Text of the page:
A good design should best complement what you want to convey to your intended audience. Steve Jobs once said ‘Design is not just what it looks like and feels like. Design is how it works.’ Thus, it is important to first know your audience before choosing the colors and how you want your design to look.
Harmonies between colors composite with each other to create schemes which can be used in many different situations. One of the most common type of color scheme is Complementary colors. Below are the complementary colors from a color wheel (Green and Red).
The principles of emphasis, white space, alignment, pictures and texts can affect symmetry balance. The image below explains what is symmetrical and asymmetrical.
Readability is very dependent on typography, color contrast and alignment, below is an image on different type of alignments.
- Left alignment are usually used for better readability
- Right alignment when used correctly can create better dynamism.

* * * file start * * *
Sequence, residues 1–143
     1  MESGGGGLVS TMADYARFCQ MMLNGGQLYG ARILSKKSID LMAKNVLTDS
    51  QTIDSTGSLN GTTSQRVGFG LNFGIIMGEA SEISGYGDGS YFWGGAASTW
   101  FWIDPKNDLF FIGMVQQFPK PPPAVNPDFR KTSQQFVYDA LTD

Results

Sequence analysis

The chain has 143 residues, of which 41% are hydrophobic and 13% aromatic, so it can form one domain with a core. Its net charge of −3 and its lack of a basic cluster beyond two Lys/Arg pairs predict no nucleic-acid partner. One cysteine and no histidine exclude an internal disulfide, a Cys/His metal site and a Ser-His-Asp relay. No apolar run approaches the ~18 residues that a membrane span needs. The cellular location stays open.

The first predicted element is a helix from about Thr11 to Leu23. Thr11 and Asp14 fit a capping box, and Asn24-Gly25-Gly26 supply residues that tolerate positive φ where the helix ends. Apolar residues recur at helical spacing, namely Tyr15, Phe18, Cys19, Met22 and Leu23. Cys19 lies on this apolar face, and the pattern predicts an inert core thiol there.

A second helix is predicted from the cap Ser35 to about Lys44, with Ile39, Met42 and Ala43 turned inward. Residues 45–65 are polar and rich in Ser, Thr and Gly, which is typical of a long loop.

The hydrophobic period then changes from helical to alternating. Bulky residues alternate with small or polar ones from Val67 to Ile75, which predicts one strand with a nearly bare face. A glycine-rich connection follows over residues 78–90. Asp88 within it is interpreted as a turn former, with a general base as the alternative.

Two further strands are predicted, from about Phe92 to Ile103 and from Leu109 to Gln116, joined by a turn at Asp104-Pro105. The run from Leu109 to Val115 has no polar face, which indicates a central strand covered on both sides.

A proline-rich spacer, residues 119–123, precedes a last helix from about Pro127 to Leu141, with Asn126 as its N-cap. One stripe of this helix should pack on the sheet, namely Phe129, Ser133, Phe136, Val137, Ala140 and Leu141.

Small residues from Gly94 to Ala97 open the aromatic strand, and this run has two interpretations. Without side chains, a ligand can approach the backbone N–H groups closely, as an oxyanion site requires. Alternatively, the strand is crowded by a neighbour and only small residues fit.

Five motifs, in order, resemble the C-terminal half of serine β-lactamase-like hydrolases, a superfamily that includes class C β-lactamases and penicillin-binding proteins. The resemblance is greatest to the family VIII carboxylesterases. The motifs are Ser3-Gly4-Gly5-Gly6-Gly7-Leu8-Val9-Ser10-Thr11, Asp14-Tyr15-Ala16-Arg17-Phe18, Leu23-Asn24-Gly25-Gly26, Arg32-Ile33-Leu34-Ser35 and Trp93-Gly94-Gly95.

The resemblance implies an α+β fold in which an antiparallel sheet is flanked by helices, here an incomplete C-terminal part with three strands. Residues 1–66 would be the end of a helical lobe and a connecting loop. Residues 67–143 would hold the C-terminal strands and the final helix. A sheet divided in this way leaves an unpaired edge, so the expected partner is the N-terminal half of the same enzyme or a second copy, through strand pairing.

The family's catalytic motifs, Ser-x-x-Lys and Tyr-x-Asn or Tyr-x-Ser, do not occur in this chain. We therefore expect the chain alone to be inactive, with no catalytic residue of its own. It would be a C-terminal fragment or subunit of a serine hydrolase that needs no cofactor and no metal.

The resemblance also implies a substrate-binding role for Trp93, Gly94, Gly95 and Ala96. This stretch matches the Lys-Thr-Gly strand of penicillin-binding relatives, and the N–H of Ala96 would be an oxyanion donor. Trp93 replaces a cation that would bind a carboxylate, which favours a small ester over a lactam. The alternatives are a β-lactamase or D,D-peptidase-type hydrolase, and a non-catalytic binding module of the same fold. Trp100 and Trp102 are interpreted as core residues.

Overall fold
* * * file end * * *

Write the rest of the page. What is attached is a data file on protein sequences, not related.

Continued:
- Center alignment are generally used only for formal certificates such as plaque and wedding certificates.
- Justified allows the text to appear in blocks, than to have a jagged right or left feel.
- Forced Justification are generally bad and can potentially create ‘River Effects’ – creating too much white space and awkward to read.
Bear, J.C 2013,’The Principles of Design’, viewed on 10 Feb 2013, <http://desktoppub.about.com/od/designprinciples/tp/Principles_of_Design.htm>.
Bear, J.C 2013, ‘Alignment’, viewed on 10 Feb 2013, <http://desktoppub.about.com/od/designprinciples/g/alignment.htm>.
Tiger Color 2012, ‘Color Harmonies’, viewed on 12 Feb 2013, <http://www.tigercolor.com/color-lab/color-theory/color-theory-intro.htm#color_harmonies>.
Foresman, P.S 2007, ‘Symmetry’, viewed on 12 Feb 2013, <http://en.wikipedia.org/wiki/Symmetry>.